Turkey Pulse

How Erdogan will spin his deal with Israel

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Article Summary
Although Israel did not meet Turkish President Recep Tayyip Erdogan's top condition of lifting the Gaza blockade, Erdogan is still hailing the reconciliation between the countries as a major win.

During his 20-plus years in various political offices, Turkish President Recep Tayyip Erdogan has been both the hero and the goat. It remains to be seen which role he will assume now that Turkey and Israel have announced the conditions of their reconciliation after 16 years.

As prime minister, Erdogan's silencing of Israel's then-President Shimon Peres with his now-historic “one minute” demarche at Davos 2009 accrued him vast prestige and delighted many people in the Middle East. In 2011, on the walls of three Palestinian camps I visited in Lebanon, I saw posters saluting Erdogan as a hero.

In 2010, had Turkey crashed through the Israeli blockade of Gaza with the Mavi Marmara flotilla, Erdogan would have been lauded as the long-awaited leader by the Islamic world. But it didn’t work out that way. Israel raided the boat and killed nine people on board (one more person died of injuries four years later). Turkey responded by saying it would take five measures against Israel:

  • Lower the level of diplomatic relations.
  • Suspend military agreements.
  • Refuse to recognize the Gaza blockade and lodge a complaint with the International Court of Justice.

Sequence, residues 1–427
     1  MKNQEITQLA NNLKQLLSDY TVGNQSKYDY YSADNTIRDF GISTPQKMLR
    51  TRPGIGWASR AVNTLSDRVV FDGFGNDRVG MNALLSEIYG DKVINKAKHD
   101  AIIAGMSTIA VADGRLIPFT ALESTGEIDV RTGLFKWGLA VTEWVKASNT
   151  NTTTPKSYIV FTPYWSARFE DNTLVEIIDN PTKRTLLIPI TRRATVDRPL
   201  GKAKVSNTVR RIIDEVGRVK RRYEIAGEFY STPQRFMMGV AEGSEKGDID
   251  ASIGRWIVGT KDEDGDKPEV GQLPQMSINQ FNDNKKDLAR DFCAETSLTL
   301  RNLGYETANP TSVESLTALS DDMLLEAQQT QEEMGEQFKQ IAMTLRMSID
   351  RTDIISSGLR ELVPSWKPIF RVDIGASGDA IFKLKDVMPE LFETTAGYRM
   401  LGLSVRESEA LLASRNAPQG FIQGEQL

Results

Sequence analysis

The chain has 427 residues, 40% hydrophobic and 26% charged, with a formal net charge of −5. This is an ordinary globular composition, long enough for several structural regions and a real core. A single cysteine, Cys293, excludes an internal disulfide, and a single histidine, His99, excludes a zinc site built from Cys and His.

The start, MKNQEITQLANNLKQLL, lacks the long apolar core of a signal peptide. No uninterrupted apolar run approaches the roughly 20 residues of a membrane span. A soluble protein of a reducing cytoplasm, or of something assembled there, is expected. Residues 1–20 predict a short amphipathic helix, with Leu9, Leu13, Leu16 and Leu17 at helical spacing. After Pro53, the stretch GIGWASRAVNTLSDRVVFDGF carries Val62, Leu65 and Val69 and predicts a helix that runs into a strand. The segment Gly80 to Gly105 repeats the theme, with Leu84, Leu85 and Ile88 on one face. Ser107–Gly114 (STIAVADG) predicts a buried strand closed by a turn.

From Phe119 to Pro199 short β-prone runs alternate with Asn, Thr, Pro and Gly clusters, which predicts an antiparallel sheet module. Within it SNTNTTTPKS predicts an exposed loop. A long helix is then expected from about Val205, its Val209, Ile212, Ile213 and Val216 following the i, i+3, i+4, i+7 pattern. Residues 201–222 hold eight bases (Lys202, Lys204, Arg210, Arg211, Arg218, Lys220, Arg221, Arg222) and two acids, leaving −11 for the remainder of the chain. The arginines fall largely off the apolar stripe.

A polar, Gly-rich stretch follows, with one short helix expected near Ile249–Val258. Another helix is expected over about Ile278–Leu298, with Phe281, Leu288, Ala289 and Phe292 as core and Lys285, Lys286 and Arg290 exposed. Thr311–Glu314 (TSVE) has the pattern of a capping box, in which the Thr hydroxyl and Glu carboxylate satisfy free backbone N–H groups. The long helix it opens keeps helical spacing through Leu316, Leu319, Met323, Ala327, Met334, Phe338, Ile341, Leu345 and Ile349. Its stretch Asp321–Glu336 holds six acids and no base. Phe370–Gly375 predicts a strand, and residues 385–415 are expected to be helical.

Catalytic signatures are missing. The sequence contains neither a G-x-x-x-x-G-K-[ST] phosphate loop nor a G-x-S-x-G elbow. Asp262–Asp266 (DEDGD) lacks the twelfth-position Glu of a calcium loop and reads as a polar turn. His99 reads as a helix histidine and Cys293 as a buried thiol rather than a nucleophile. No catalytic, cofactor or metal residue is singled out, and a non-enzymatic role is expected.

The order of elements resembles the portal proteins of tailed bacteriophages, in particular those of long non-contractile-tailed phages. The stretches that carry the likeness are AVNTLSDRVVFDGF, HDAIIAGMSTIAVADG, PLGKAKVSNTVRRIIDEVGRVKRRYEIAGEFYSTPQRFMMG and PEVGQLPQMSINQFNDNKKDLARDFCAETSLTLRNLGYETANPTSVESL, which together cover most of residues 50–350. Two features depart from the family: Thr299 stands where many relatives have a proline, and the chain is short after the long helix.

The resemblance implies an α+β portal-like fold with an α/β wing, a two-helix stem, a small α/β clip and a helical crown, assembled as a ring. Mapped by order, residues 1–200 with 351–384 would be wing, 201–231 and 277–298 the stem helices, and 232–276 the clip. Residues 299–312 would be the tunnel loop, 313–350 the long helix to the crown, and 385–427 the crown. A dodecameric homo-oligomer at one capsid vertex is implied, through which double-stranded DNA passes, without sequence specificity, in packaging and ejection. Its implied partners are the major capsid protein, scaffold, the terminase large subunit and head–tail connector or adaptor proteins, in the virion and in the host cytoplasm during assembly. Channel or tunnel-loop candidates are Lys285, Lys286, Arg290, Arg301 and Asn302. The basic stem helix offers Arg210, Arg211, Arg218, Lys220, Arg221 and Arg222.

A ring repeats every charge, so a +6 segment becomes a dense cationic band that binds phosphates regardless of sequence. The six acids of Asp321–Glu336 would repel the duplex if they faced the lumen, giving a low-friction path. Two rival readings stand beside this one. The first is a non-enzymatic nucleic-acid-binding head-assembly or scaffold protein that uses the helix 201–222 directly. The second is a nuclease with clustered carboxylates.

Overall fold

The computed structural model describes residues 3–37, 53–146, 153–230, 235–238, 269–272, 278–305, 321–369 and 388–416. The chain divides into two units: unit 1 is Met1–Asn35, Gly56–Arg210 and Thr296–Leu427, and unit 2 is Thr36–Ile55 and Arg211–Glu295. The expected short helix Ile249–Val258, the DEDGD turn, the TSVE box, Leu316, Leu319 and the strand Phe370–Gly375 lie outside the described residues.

• Work to ensure freedom of navigation in the eastern Mediterranean.
  • Initiate legal action for the victims.

Then Erdogan listed three conditions for normalizing relations with Israel: Israel must apologize, compensate victims' relatives and lift the Gaza blockade.

But behind the cloak of tension and friction, affairs were not all that bad between Ankara and Tel Aviv. In 2010, Turkey removed its veto on Israel’s membership in the Organization for Economic Cooperation and Development. That was followed by abolishing the veto on Israel’s participation in NATO exercises. Military cooperation continued behind the scenes. Trade with Israel mushroomed. Both countries were committed foes of the Syrian regime.

But for Islamists, Erdogan was still the lead fighter for Palestine.

Now, as events in Syria have not gone as planned, Erdogan was forced to say in January, “Israel needs a country like Turkey in the region. We also must accept that we need Israel.”

Turkey, which entered the regional scene with the slogan of “zero problems with neighbors,” quickly ran out of friendly neighbors. Considering the problems it also had with the United States and European Union, Turkey realized that reconciliation with Israel was imperative. To get Turkey out of isolation, Erdogan had to revert from using accrued prestige to the classical diplomacy he resents so much.